Another study found:
“that reducing carbohydrate load can reduce circulating insulin levels, improve hormonal imbalance and resume ovulation to improve pregnancy rates compared to usual diet.”McGrice (2017)
There are also numerous anecdotes from online forums where many PCOS sufferers report that their cycles improved when they started Keto, citing shorter cycles and menstrual periods. Some were able to conceive while doing Keto. If you plan on doing Keto, please consult your doctor to rule out any other illnesses that may require medication adjustments while doing a low carb diet.
What to Eat on Keto When You PCOS
You’ll need to make a few minor tweaks to your diet. Aside from strict Keto, you should focus on white meat like chicken and fish, instead of red meat. Use creams in moderation, and avoid inflammatory ingredients such a soy sauce, tofu, and other soy-based products. Avoid hydrogenated oils like Canola, Sunflower and Vegetable Oils.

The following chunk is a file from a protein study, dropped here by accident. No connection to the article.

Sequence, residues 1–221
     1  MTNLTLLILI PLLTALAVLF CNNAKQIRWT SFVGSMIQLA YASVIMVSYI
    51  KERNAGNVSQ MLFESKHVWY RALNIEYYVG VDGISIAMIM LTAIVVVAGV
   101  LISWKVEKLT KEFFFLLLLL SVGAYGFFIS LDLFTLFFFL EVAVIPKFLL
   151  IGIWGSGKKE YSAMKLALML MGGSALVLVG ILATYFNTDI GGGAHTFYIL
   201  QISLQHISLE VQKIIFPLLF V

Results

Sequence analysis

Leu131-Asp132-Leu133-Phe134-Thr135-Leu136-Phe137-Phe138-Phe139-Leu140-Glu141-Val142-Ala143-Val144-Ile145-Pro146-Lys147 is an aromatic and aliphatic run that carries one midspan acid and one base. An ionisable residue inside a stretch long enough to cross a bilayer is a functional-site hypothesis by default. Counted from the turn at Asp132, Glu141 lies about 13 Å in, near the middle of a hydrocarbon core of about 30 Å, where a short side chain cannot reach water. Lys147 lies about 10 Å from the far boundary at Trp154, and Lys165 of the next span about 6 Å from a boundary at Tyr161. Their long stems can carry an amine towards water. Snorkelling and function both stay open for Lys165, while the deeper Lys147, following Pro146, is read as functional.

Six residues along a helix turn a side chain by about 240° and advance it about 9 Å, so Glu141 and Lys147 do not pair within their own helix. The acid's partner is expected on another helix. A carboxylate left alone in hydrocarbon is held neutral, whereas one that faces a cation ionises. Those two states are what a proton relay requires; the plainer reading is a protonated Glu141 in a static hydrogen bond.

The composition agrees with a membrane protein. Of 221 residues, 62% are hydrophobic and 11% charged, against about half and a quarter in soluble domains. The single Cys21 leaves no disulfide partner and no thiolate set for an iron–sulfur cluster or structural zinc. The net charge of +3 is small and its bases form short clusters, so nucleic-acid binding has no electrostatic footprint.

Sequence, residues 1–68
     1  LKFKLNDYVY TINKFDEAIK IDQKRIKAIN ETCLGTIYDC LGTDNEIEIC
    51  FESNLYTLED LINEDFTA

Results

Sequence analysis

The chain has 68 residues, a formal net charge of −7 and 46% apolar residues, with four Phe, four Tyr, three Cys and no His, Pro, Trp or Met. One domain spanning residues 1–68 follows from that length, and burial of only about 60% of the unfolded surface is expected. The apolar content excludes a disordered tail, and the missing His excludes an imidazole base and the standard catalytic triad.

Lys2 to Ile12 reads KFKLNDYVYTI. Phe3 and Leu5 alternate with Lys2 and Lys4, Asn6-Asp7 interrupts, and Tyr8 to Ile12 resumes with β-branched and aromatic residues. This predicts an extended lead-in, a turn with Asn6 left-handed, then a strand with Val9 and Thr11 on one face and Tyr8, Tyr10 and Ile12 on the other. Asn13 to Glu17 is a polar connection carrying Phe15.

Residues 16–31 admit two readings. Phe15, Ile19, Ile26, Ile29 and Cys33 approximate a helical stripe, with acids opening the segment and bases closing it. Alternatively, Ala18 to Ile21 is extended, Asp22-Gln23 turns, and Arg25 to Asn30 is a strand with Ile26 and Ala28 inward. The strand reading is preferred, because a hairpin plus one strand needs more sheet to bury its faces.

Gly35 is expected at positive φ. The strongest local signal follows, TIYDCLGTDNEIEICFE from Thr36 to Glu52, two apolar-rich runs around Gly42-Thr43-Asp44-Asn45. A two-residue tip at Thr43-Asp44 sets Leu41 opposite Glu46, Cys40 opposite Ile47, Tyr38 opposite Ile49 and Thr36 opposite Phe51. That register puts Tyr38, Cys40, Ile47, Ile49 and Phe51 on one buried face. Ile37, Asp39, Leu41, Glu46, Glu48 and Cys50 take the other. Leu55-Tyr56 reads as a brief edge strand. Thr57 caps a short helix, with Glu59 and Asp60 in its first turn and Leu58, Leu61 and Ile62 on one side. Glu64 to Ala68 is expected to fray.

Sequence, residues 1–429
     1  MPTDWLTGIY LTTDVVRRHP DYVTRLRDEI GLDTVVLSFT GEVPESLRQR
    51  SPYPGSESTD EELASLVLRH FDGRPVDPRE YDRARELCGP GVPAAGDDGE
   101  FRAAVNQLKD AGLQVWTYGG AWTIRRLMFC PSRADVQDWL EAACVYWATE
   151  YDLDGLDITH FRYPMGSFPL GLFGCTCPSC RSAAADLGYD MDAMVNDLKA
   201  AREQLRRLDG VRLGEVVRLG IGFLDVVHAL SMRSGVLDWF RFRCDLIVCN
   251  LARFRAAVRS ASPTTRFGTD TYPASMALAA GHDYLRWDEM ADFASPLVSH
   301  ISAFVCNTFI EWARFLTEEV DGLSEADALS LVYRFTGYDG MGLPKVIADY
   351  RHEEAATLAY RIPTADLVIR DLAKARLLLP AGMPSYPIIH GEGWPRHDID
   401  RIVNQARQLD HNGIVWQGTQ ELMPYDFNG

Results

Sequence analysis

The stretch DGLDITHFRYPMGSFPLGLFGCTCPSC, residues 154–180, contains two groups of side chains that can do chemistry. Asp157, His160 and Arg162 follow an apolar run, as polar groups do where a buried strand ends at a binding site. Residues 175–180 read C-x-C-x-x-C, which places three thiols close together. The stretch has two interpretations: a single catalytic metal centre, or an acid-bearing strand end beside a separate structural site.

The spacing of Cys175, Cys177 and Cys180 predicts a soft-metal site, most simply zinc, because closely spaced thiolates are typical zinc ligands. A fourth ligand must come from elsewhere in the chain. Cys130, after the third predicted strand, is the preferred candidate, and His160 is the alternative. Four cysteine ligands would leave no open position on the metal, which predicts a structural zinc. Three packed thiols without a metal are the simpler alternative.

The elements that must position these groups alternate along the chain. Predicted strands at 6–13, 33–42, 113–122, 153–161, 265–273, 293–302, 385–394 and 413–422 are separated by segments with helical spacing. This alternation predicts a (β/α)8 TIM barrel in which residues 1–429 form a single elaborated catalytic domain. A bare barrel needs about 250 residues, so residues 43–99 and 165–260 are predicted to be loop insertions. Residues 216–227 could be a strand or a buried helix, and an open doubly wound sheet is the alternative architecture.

You can also join communities such as the subreddit: r/
Child & Family Research Institute. “Too Much Sugar Turns Off Gene That Controls Effects Of Sex Steroids.” ScienceDaily. ScienceDaily, 21 November 2007. <www.sciencedaily.com/releases/2007/11/071109171610.htm>.
Diamanti-Kandarakis, E, et al. “Phenotypes and
Mavropoulos, John C et al. “The effects of a low-carbohydrate, ketogenic diet on the polycystic ovary syndrome: a pilot study” Nutrition & metabolism vol. 2 35. 16 Dec. 2005,
McGrice M, Porter J. The Effect of Low Carbohydrate Diets on Fertility Hormones and Outcomes in Overweight and Obese Women: A Systematic Review. Nutrients. 2017;9(3):204. Published 2017 Feb 27.